These articles document the ongoing process of examining the things required to make a Blades in the Dark hack. The premise is using Blades in the Dark to emulate a heroic vigilante environment, akin to the settings of Gotham City from We Are Robin, or Ikebukuro from Durarara!!
This time, I want to talk about a mechanical change to the injury system. We’re going to talk about Harm and Trauma, and ways to change that system.
Problems With The Harm & Trauma
I don’t like the trauma system in Blades in the Dark as is. It’s a system that works alright for one specific model of heist narrative, where characters accumulate psychological problems and eventually fall out of the game, or are lost in some nonspecific way. Traumas, as they work, are meant to introduce haggard character affects and to give the game a feeling of approaching end-game. There are some things about them I like, but they do create a sort of downward pressure of the game – the only eventual end-game the game presents is ‘losing via Trauma, or deciding to stop.’ Not that stopping by choice is bad, but it still is one of those rare parts of Blades that pressures players in a single specific direction.
Also, just in general, ‘recovering from harm’ in the system is erratic and untrustworthy. That makes great sense if your medical technology still includes the word chirurgeon. Modern settings have a lot more tools for medical recovery, and a lot more tools for really heavy violence. Sure, knife wounds are worse in a period without antibiotics, but you’d be surprised the stopping power guns bring to bear.
There’s also the way the harm system works; as structured in the original game, Harm is kind of fundamentally only able to represent material injury because of how it’s recovered. Like let’s say that in the middle of a heist, you fall off a roof into a midden. You now stink like shit, and you’re disoriented and probably feeling a little nauseated. That’s a pretty reasonable thing to impose a lot of general penalties — you know, like a -1 dice kind of penalty — but you either are going to adhoc a explanation for why you don’t need to fill a clock to scrub yourself clean, or, you’re going to adhoc a reason that this stench isn’t harm. Plus, exactly how many similar problems are going to stack up to give you an appropriate form of trauma?
This is something that works generally for Blades as the base game works. If we’re going to change it, though, the Trauma and Harm system need to be reconsidered.
One of the things I love about Blades in the Dark is that the system is kind of gyroscopic. Players are going to unconsciously bias their behaviour towards the kinds of heists they want. The solutions to problems they find, between flashbacks and stress and harm and all the resources they have available to them, will be the kind of solutions they want. If you play conservatively, any given group is going to be able to accumulate a lot of resources and territory even with a storyteller who’s being kind of a dick. And that’s cool too — some players want to be the kind of patient, careful criminals that are doing a perfectly good job. Some players want to throw caution to the wind and try some wonderful idiot shit, and the dice promise that they will back you up doing that (and they are liars).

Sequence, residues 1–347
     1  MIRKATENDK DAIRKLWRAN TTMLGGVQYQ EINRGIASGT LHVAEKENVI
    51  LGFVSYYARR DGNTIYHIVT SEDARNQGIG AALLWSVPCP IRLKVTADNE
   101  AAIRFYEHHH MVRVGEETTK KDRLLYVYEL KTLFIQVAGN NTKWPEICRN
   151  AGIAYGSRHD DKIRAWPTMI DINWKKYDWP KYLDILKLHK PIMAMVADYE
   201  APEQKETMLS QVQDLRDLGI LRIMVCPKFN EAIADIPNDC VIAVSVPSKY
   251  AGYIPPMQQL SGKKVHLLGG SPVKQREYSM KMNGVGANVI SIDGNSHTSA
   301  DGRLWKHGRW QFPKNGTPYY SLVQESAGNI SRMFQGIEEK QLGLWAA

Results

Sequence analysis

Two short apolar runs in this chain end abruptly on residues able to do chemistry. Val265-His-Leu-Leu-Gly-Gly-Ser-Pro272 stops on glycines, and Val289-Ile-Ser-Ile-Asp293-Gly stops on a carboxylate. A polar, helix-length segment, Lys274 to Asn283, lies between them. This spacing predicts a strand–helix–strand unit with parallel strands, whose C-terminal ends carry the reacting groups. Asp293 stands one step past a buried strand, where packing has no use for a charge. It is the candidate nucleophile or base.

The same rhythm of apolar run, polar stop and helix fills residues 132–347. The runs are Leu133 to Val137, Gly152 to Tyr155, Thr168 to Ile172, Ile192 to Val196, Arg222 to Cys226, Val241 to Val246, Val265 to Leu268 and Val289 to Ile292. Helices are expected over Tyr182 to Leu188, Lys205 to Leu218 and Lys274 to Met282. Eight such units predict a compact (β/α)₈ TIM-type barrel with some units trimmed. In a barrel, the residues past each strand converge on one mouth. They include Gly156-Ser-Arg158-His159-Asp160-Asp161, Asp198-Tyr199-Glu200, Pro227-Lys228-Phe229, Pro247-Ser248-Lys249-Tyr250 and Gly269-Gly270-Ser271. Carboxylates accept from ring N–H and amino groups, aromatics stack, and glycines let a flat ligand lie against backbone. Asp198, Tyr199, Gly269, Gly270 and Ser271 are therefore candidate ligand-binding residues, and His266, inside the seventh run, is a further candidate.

Fixing Harm is easy – just make sure that ‘medical recovery’ is easier, and be aware that some dice-penalising harms are temporary harms. The way to clear harm is now based on type of harm, rather than just level.
Ways Out Of The Game
Okay, I don’t like harm recovery because it feels very ramshackle and like it’s representing a medical society where you can’t go to a chemist and get some just-in-case headache pills. It’s also good at representing characters who are primarily hindered by medical conditions and not by other possible constraints. Trauma is a way of representing characters getting ‘out’ of the game, and it paints the idea of the project the characters are doing as fundamentally damaging and punitive. That all works for the very grim, victorian feeling of Blades in the Dark.
What I want instead in the context of a We Are The Night is for the end game to be aspirational and for failure to be less about personal emotional trauma and more about the loss of potential goals.
My idea at this point is to give characters hopes and dreads. The idea of a hope is, it’s something you want to have happen for your character; and a dread represents a negative outcome for them. This could be something like settling down with a partner, and the dread being that you can’t do that. So far, so good; but rather than Traumas, which accumulate until you’re done, this needs to represent a sort of back-and-forth tension.
I do like that Traumas work on a rule of three. If you have no traumas, taking a trauma feels like no real problem. But then you have a Trauma and it makes the rest of your play experience more difficult, because trauma does that, and now you realise you only have one more chance before you’re on your last Trauma, and need to start thinking about an escape route for the character.
What I think Hopes and Dreads need to be, at a first blush, is something similar; I think that say, you have five slots in where it goes; let’s call this thing your Aspiration, your way out after the end of the story. Five slots, and each time you would accumulate a Trauma or achieve some great end (we’ll need to devise something there), you increment on one track or the other.
Too much Dread, and you’ve ruined your chance at your Aspiration. Not necessarily won’t have it, but now it will be forever tainted by the trauma you accumulated during your time fighting for your territory in the movement that is The Night. Not everyone gets out of it okay, after all. But if you can hold onto Hope, then even a damaged life after is an improvement.
There, that’s another round of thinking and notes about what in this system changes for We Are The Night.